If you've been living under a rock and don't know what Github's co-pilot is, it's simply an in-editor extension that makes suggestions to you as you code, attempting to finish your lines or even suggesting entire blocks of code. It's an intriguing concept, but it obviously raises a slew of issues, especially given that it was trained using GitHub data. Github co-pilot is the Godzilla of autocomplete. It's state-of-the-art ai technology.
For example, instead of searching stack overflow for a good API and manually writing out the function like a caveman. You can simply add some comments about what you're looking for. The artificial paired programmer will do all the work for you. It will write out a clear clean function that looks way better than any code you’ve ever written.
GitHub Copilot is powered by OpenAI Codex, a new AI system created by OpenAI. It has been trained on a selection of English language and source code from publicly available sources, including code in public repositories on GitHub.
- Give the model an English assignment, such as "write the power function.”
- Copilot attempts to complete the problem after reading a large amount of code.
- The difference between what Copilot provided and the intended result is computed.
- This mistake is then sent to Copilot so that it may be corrected (i.e. learn).
To recap, Copilot employs Codex, an NLP model trained on open source code. Copilot's goal is to generate proper code in response to an English language prompt stating the problem to be solved. Copilot is capable of doing so since Codex has been educated on significant quantities of open source code in a variety of languages.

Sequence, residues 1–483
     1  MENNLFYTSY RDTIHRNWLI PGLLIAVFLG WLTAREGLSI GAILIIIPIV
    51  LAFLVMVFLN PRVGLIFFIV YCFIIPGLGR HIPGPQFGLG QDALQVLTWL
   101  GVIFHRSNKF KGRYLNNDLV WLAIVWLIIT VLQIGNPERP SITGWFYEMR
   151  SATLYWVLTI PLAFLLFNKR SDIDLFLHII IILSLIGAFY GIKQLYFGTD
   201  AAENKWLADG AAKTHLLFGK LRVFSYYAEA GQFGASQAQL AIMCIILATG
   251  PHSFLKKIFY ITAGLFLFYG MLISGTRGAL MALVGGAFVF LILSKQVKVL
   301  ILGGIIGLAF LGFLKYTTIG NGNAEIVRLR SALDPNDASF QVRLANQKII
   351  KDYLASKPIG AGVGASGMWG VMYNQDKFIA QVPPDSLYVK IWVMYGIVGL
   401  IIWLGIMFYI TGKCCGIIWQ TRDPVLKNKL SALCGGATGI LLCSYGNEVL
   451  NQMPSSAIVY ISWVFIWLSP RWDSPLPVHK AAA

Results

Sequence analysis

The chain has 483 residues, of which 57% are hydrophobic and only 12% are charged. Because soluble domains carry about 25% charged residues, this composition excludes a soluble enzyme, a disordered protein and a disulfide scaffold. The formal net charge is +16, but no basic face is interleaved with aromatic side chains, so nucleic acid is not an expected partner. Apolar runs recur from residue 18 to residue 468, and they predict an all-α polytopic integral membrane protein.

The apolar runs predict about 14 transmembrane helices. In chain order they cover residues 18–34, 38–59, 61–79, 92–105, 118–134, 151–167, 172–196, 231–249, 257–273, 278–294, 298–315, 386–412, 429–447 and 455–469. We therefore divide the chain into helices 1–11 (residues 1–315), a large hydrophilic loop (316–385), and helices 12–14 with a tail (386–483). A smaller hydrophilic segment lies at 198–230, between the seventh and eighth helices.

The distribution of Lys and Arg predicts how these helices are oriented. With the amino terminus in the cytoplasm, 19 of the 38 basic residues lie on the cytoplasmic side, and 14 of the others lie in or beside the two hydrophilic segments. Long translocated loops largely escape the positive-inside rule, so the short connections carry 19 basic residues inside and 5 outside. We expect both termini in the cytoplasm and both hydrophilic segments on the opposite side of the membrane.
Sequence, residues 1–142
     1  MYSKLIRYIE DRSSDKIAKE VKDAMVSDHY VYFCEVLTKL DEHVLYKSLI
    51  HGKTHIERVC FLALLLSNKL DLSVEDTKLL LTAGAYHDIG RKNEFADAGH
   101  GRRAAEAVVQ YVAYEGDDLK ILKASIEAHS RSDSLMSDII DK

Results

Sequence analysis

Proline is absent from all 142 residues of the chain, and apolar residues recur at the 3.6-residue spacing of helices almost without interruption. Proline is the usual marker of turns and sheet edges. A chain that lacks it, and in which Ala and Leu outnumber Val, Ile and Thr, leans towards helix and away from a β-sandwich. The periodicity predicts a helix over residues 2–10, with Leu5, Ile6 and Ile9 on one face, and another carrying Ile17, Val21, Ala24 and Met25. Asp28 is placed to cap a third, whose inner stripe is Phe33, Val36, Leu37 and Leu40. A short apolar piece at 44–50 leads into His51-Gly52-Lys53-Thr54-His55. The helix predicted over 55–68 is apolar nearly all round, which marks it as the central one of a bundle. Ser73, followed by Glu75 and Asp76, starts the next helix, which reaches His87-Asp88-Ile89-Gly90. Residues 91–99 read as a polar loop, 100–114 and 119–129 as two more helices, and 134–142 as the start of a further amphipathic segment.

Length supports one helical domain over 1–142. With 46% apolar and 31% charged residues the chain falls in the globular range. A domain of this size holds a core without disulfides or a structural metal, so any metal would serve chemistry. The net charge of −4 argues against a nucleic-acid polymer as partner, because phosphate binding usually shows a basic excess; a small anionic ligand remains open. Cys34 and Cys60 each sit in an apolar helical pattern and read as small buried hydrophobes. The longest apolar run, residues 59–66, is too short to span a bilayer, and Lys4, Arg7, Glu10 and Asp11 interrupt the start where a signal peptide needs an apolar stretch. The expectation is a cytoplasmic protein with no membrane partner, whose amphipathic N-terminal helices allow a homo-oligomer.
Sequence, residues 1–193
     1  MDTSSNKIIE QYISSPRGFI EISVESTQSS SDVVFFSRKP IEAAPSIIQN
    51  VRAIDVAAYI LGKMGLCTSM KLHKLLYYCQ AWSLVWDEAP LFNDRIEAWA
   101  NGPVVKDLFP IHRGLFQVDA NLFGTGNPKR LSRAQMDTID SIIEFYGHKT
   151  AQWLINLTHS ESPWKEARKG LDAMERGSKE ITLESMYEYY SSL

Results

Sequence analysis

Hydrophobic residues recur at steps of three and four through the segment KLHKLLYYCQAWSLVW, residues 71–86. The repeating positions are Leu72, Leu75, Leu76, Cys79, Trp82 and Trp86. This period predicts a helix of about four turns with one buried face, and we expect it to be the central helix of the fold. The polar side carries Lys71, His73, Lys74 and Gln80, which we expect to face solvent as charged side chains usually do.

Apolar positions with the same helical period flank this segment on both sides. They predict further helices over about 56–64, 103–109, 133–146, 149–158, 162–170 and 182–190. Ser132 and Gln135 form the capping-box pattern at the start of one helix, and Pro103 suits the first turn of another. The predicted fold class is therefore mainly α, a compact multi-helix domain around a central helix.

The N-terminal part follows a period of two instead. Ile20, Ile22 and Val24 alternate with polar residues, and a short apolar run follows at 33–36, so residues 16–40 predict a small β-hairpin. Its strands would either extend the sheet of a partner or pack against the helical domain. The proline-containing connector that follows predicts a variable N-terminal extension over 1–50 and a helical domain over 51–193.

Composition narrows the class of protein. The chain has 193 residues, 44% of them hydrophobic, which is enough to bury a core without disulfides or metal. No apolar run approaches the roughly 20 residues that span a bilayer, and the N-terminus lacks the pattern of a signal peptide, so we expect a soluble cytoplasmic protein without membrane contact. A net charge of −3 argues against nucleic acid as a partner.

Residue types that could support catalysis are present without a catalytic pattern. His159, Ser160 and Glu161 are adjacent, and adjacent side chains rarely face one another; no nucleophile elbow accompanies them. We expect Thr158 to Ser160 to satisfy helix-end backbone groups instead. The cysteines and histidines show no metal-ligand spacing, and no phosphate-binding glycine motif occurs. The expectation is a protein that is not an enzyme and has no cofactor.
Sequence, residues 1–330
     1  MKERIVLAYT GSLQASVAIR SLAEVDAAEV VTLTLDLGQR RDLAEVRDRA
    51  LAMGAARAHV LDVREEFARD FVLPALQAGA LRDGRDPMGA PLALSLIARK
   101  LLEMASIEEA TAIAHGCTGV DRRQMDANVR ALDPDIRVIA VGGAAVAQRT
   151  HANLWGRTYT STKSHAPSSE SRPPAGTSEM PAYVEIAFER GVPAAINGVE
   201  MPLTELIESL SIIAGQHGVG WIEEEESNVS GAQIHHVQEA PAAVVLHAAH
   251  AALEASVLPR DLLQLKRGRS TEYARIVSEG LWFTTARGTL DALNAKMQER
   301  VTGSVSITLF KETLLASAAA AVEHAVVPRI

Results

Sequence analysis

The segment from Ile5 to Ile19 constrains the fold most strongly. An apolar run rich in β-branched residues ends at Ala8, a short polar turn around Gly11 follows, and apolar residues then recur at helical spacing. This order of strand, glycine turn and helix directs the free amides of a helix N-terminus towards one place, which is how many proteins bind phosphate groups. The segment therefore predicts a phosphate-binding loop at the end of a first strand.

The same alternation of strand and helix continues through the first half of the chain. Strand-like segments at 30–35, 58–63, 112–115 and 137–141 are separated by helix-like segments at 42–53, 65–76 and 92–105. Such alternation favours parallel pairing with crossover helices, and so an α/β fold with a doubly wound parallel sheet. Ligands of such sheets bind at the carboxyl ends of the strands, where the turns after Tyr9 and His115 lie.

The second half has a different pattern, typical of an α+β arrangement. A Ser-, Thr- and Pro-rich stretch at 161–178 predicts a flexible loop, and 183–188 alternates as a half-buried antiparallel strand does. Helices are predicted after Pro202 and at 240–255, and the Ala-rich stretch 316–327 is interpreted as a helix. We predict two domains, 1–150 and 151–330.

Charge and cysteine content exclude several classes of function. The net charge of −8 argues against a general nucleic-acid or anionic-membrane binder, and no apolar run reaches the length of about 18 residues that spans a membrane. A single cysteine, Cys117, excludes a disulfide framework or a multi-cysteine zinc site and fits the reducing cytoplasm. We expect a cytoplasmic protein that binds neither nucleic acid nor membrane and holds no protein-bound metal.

Things I encountered only
Some of the factors that make copilot so strong are, first and foremost, its ability to take in context more than any other ai. It allows synthesizing code in ways we've never seen before, as opposed to IntelliSense's short term memory, which fades after one or two lines of code. Copilot may extrapolate from existing code in a file and use well-defined variables, classes, and structures.
For example, if I wanted to build a function in typescript to validate a string, copilot will utilize the variables I've previously typed to fill up the rest of the function. While this appears to be a really strong tool, the copilot can accomplish a lot more grunt work that we hadn't even considered previously, such as having automated autofill capabilities for manual labor chores with patterns and recurring structures.
The tool comes really handy while working with JSON files. If you're writing a lengthy JSON file and need to fill out different sorts of languages, for example, copilot can literally comprehend the context of what you're trying to do and finish the work for you. This means it understands that you're attempting to iterate over multiple languages in a JSON format.
Let's get started with some very fascinating things it can do. For our first example, I'm going to ask Copilot to perform a few things via comments.